For a few weeks last summer, the Kansas City Royals could see a future that was bright, clear and exciting. These Royals were young, talented and filled with enthusiasm -- and it wasn't just that they finished 33-33, or that attendance at Kauffman Stadium increased by 39 percent in the final weeks.
It was the meaning of it all -- that, finally, the worst seemed to be over, that the Royals appeared to be on the cusp of being a pretty darn good baseball team. It wasn't a team constructed with pieces from here, there and everywhere, either.
They were mostly true Royals, drafted, signed and developed. These were the players that fans had heard so much about, the players who were going to change everything. Baseball America ranked Kansas City's farm system No. 1 overall in 2011, calling it one of the strongest in years.
In those final 66 games, the Royals hit home runs, stole bases and threw out runners from the outfield. Suddenly, potential wasn't a dirty word.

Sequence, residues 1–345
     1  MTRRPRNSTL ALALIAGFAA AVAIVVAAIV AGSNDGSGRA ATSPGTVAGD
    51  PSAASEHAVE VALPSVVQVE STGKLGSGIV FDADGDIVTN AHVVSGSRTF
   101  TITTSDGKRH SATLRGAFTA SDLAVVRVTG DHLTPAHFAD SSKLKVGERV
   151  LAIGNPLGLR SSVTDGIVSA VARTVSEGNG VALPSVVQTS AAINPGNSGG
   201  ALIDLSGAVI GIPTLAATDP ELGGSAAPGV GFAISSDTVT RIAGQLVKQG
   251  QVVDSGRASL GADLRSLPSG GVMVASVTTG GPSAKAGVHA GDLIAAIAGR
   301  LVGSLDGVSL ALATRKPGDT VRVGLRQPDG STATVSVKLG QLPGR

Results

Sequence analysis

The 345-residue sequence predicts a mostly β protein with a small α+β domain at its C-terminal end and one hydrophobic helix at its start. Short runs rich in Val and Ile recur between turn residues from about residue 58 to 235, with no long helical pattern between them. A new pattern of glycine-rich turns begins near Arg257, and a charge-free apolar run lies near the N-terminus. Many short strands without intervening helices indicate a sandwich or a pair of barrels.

"It was the most fulfilling thing I've experienced in my professional life," Royals general manager Dayton Moore said. "We knew we had to do this through scouting and player development. Everyone aspires to do it that way. Certain markets can patch their holes with free agency. But for us, there's no other way, and it takes awhile."
How long would that be, Dayton?
"It's an eight- to 10-year process," he said. "Knowing how these jobs are, especially in today's climate, it's tough to get that much time. It takes three to five years to get guys to the Major League level, and then two to four years playing at the Major League level."
When Moore held his first organizational meeting after the 2006 season, he set a simple goal of making the Royals a homegrown team by the 2013 season. He was effusive in his praise of his baseball staff -- Mike Arbuckle, Scott Sharp, Rene Francisco and many others -- for getting it done.
"We've got to get to the point where our farm system produces two or three players every single year," Moore said. "That's guys competing for spots on the roster -- whether it's for bullpen depth or a fourth or fifth starter. Last year was the first time we had two or three players doing that."